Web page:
Pennsylvania's 25th senatorial district to receive $24 million in impact fee revenue

Local governments in the 25th senatorial district of Pennsylvania will receive more than $24 million in Marcellus Shale impact fee revenue, according to a recent announcement from the district's State Sen. Joe Scarnati (R-25).

For the entire state, more than $225 million in impact fees was collected in 2013 - an 11 percent increase from 2012. To date, the impact fee under Pennsylvania's Act 13 - enacted in 2012 -has generated more than $630 million in new revenue, according to Scarnati.

Checks are expected to reach local governments in the district, which includes Cameron, Elk, Jefferson, McKean, Potter and Tioga Counties, along with parts of Clearfield and Warren Counties, by the end of June.

"These funds continue to have tremendously positive effects within our region and across the entire state," Scarnati said. "In addition to bringing new jobs and opportunities to our area, the industry is generating revenue through this fee that our communities can use for a wide variety of projects and improvements."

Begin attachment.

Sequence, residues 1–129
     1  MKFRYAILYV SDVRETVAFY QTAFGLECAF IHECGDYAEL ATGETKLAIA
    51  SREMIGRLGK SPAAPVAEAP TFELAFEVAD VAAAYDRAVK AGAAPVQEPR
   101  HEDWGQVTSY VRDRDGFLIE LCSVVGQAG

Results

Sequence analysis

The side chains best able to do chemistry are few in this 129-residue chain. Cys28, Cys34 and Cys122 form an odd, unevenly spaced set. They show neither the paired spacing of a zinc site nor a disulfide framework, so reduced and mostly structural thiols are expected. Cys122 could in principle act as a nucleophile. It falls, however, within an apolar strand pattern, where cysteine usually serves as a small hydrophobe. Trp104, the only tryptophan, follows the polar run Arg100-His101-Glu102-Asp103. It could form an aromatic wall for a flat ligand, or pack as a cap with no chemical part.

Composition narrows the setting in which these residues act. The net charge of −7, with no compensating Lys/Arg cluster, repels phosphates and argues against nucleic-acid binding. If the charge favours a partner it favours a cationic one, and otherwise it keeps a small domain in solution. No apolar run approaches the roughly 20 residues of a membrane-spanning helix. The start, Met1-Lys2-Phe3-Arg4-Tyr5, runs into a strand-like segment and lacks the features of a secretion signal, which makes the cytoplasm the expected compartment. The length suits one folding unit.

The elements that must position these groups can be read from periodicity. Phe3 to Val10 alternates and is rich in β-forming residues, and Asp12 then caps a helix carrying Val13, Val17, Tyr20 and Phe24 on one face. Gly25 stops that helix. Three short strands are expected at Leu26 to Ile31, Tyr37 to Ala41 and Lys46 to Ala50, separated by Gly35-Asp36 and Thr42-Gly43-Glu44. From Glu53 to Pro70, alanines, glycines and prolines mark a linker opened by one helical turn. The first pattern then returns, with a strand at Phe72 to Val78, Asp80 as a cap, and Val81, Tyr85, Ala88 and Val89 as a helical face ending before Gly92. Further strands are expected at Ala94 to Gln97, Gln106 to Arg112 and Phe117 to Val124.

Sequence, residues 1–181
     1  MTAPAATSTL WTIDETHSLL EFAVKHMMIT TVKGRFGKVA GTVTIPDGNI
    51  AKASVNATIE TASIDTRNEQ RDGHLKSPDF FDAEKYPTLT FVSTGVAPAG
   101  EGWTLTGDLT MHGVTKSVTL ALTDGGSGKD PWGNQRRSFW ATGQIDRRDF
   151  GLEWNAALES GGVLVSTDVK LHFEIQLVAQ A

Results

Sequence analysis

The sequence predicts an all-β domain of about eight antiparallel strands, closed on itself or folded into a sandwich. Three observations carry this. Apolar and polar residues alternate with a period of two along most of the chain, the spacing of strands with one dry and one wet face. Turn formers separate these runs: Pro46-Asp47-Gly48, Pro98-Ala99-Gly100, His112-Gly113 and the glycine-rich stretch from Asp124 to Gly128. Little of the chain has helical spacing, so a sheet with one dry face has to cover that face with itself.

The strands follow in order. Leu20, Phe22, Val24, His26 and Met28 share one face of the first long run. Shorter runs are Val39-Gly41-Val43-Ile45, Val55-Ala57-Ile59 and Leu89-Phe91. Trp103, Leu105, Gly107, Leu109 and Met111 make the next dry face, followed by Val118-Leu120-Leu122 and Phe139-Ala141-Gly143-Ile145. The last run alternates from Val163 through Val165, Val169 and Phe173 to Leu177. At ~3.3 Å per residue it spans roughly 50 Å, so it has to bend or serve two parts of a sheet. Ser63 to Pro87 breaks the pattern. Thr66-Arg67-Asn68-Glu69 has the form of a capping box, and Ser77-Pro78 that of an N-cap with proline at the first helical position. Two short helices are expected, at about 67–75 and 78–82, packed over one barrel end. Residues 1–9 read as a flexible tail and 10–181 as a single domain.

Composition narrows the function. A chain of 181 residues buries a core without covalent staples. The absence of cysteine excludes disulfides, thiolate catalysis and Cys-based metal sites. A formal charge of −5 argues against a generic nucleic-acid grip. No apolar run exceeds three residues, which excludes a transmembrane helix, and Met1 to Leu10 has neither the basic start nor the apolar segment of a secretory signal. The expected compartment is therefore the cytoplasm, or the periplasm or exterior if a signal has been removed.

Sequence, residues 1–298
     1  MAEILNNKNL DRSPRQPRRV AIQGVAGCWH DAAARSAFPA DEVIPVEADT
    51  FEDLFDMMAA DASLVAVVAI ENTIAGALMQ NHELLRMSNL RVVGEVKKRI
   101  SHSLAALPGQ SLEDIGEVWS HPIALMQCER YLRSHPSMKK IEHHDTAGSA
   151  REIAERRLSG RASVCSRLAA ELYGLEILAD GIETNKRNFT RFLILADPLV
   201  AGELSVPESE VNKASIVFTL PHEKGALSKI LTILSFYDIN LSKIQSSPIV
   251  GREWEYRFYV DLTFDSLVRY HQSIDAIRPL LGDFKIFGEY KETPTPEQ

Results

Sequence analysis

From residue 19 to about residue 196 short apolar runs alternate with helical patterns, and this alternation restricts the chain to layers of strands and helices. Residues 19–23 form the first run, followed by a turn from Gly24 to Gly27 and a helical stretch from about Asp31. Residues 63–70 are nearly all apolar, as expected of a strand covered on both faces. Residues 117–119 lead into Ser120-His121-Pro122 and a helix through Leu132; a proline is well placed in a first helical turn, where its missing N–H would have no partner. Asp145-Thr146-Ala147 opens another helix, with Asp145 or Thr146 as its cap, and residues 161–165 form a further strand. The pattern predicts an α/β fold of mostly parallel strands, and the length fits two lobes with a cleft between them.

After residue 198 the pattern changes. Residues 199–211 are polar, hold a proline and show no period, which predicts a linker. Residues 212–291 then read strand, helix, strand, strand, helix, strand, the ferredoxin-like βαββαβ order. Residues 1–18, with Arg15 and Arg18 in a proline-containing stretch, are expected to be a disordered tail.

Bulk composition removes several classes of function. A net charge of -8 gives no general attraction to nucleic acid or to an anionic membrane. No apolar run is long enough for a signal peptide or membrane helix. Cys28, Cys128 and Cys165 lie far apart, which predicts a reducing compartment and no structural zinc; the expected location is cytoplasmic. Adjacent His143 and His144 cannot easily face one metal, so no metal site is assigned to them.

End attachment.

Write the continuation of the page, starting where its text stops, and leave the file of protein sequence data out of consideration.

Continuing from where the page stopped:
Tioga County and its municipalities will receive the largest share - approximately $12 million - followed by Cameron County with $7 million, Clinton county with $1.5 million, McKean County with $1.1 million, Potter County at approximately $1.1 million and Elk County at $1 million. Jefferson County and surrounding municipalities will receive approximately $584,000, followed by Clearfield County with $272,000.

The Pennsylvania Public Utility Commission is responsible for collecting and disbursing impact fee revenue, which can be used towards a number of local services, including infrastructure projects and emergency preparedness.

"The shale industry has brought tens of thousands of family-sustaining jobs and economic growth to Pennsylvania," Scarnati said. "At the same time, it is generating significant funding to protect our environment, promote public safety and enhance our infrastructure. I'm pleased that this impact fee money will directly benefit local residents at a time when budgets are tight and state funding is limited."

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Pennsylvania Public Utility Commission

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